Yusuf and the Bauchi prison break in September 2010 saw the establishment of connections
between Boko Haram and another African Salafi group, most probably the Shabab in Somalia
(but possibly others as well). The identity of the Salafi group cannot be ascertained at this point;
all that exists concerning this linkage are rumors. However, when one considers the change in
methodology between Phase 1 and Phase 2, above, it is apparent that suicide attacks and video
Boko Haram: A Prognosis
recordings of the martyr are now hallmarks of Boko Haram. These are pervasive among the
Shabab. Moreover, it seems unlikely that the connection to Arabic-speaking Salafi radicalism
was a direct one (i.e., through Al Qaeda in the Arabian Peninsula or other groups),
if only
because of the prevalence of Arab racism toward the Nigerians. No Salafi materials during the
period 2000-2010 known to me, including Abu Musab al-Suris great 2004 manual, Da`wa li-
Muqawama Islamiyya `Alamiyya (A Call to Worldwide Islamic Revolution), mention Nigeria at
all. Looking through jihadi websites, there is even at the present time virtually no cognizance of
the country.

On the other hand, with the onset of suicide attacks among Boko Haram, one can be certain that
if the group was not previously on the radar of globalist Salafi-jihadi organizations, it is now.
Since Boko Haram may be on the verge of establishing the ephemeral base that globalist radical
Muslims have sought, it might become attractive to them. And given the close relations between
the Arabic-speaking Middle East and Kano (because of the Hajj pilgrimage and because of the
Nigerian students that go to Saudi Arabia and Egypt for study), it might be easy enough for them
to get there.

VII. Policy Suggestions

Is there a policy solution for the issue of Boko Haram? Although there are reports that Boko
Haram is, in fact, split into several different organizations, and that its policies are not unified,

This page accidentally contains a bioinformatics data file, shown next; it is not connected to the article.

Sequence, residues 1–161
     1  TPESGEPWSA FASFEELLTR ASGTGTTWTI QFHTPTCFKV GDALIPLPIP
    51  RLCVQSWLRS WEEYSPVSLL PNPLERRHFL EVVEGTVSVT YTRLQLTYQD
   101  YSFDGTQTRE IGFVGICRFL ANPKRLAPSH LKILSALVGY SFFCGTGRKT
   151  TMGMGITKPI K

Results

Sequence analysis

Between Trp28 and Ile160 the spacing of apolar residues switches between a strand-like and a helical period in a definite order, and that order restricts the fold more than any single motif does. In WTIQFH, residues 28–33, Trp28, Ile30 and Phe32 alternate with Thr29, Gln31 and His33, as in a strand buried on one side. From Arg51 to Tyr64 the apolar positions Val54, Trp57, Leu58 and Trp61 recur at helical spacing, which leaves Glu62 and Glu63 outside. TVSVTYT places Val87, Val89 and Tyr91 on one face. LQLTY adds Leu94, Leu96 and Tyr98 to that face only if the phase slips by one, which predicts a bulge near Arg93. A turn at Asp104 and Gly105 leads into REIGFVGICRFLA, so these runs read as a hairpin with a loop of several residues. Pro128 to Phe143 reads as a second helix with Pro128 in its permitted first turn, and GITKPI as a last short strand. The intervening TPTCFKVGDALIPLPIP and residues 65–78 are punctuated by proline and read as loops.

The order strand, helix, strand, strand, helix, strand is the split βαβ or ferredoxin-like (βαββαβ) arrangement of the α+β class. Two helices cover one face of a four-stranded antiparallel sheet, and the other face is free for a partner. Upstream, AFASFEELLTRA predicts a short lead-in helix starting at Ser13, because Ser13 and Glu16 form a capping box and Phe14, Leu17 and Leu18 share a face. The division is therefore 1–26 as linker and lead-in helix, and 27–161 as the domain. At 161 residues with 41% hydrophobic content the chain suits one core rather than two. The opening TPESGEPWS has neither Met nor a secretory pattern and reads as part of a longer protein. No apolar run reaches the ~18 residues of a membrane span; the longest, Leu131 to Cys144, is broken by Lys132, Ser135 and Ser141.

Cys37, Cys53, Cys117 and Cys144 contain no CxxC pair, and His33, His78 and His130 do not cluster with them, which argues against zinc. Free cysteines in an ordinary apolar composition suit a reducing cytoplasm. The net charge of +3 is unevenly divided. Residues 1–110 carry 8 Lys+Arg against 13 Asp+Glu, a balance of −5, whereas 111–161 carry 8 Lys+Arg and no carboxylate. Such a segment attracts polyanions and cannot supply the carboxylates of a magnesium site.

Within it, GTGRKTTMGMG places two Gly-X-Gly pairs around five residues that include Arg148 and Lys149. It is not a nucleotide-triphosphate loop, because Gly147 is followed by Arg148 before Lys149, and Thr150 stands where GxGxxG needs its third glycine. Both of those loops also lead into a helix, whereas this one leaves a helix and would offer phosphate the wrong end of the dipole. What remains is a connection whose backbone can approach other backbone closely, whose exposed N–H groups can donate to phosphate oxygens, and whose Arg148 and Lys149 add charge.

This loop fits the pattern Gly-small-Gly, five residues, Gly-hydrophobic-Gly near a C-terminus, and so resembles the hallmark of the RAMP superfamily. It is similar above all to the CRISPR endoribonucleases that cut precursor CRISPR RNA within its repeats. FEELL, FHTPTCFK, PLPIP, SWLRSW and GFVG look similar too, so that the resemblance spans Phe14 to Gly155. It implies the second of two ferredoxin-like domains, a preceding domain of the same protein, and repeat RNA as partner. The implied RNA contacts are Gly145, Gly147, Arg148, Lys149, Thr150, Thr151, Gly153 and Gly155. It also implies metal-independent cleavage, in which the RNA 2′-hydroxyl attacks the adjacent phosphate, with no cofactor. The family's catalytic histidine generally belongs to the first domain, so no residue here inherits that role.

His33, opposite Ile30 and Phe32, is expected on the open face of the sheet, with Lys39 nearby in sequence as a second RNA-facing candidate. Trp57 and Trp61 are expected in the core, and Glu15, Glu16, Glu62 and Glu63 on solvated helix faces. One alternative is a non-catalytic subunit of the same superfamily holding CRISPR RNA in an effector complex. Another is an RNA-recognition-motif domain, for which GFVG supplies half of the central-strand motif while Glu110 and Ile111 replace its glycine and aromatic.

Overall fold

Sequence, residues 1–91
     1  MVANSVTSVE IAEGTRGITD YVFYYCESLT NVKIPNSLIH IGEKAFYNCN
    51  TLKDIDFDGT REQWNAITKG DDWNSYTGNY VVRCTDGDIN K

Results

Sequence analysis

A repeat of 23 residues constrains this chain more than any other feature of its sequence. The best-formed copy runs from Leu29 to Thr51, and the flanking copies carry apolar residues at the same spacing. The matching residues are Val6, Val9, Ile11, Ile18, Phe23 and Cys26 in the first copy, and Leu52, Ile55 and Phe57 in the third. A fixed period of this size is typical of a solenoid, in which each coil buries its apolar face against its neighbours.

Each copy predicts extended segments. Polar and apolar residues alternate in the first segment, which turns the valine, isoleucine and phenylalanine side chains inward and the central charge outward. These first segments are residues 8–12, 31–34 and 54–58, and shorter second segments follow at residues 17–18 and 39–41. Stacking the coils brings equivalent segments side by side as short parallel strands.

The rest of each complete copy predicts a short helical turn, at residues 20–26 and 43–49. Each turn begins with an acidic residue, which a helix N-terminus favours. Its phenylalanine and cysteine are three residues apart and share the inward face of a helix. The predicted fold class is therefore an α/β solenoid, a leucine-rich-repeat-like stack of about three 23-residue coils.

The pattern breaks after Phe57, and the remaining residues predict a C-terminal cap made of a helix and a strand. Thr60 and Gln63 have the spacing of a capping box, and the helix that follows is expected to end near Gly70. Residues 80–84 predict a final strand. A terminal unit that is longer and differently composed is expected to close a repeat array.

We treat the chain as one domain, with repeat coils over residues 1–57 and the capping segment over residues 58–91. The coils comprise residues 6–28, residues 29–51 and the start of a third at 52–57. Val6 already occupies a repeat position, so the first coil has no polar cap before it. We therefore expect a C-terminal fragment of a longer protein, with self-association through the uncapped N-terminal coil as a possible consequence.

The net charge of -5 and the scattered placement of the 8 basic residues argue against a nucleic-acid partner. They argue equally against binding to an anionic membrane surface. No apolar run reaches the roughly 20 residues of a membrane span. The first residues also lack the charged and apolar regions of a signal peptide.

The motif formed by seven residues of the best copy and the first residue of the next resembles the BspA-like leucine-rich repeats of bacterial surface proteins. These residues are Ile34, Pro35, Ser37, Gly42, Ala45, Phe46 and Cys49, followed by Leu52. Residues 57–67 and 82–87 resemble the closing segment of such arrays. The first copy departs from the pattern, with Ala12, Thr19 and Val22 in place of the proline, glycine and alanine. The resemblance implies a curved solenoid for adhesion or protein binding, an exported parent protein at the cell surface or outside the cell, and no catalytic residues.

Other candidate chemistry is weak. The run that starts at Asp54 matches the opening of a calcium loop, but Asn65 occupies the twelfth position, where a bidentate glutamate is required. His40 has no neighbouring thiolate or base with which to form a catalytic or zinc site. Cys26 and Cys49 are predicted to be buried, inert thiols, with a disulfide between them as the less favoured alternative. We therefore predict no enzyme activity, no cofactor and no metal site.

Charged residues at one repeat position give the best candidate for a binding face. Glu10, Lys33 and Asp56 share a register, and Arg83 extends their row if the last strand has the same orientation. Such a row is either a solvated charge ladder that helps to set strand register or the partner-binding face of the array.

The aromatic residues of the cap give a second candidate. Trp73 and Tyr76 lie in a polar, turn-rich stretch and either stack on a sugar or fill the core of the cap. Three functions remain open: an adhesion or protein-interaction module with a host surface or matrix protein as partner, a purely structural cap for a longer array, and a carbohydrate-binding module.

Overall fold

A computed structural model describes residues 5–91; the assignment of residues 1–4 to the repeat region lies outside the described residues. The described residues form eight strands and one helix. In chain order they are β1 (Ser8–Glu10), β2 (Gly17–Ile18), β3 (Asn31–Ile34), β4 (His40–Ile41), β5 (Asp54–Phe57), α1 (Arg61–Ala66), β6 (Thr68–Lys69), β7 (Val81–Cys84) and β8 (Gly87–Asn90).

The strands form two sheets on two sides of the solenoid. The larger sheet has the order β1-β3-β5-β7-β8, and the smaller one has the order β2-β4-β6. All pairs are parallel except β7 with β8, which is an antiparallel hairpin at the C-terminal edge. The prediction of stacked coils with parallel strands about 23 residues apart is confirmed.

one cannot be certain that such reports are accurate. Divisions of radical groups into moderate
and extremist camps are all too common in Western analyses of these groups, and just as
frequently represent wishful thinking or realities that are not useful to the policymaker or
intelligence analyst.

What can be stated absolutely about Boko Haram is that it represents an element of northern
Nigerian Muslim dominationism (note the number of times in their statements that Nigeria is
characterized as a Muslim nation) that has not been satisfied with the current state of the
imposition of shari`a since 2000. Its beliefs hold considerable appeal to dissatisfied elements
throughout northern Nigeria.
This fact can be seen both by Boko Harams success as well as
Boko Haram: A Prognosis
the religious response by a number of Northern governorsi.e., renewing emphasis on the
imposition of shari`a in its totality.
However, goals listed by Boko Haram, such as the complete
imposition of shari`a throughout the country of Nigeria, are fundamentally unacceptable in both
the South and the Middle Belt, as well as in parts of the North (where enthusiasm for shari`a has
diminished considerably). And it is clear that negotiationor the abject and embarrassing